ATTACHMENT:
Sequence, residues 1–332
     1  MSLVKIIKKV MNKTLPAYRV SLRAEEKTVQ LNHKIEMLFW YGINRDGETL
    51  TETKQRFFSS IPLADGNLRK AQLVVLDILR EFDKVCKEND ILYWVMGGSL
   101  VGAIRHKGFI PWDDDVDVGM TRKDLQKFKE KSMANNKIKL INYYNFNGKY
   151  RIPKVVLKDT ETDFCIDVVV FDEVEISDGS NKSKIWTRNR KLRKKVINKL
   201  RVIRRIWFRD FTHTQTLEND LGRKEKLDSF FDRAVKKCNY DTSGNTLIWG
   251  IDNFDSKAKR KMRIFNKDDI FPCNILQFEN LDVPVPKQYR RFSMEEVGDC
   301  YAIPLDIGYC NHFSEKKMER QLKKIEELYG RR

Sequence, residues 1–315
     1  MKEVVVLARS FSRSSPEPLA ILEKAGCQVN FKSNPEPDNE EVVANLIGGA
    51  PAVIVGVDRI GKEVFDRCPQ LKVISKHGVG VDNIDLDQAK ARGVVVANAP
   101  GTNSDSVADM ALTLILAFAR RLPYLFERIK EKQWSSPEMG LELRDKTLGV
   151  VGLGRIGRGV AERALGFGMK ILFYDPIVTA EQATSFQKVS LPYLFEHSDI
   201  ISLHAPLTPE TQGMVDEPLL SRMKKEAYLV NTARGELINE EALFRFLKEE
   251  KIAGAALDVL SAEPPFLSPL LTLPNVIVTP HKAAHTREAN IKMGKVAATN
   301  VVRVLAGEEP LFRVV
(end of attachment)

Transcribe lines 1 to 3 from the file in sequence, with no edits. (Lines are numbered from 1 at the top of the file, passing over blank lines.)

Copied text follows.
Sequence, residues 1–332
     1  MSLVKIIKKV MNKTLPAYRV SLRAEEKTVQ LNHKIEMLFW YGINRDGETL
    51  TETKQRFFSS IPLADGNLRK AQLVVLDILR EFDKVCKEND ILYWVMGGSL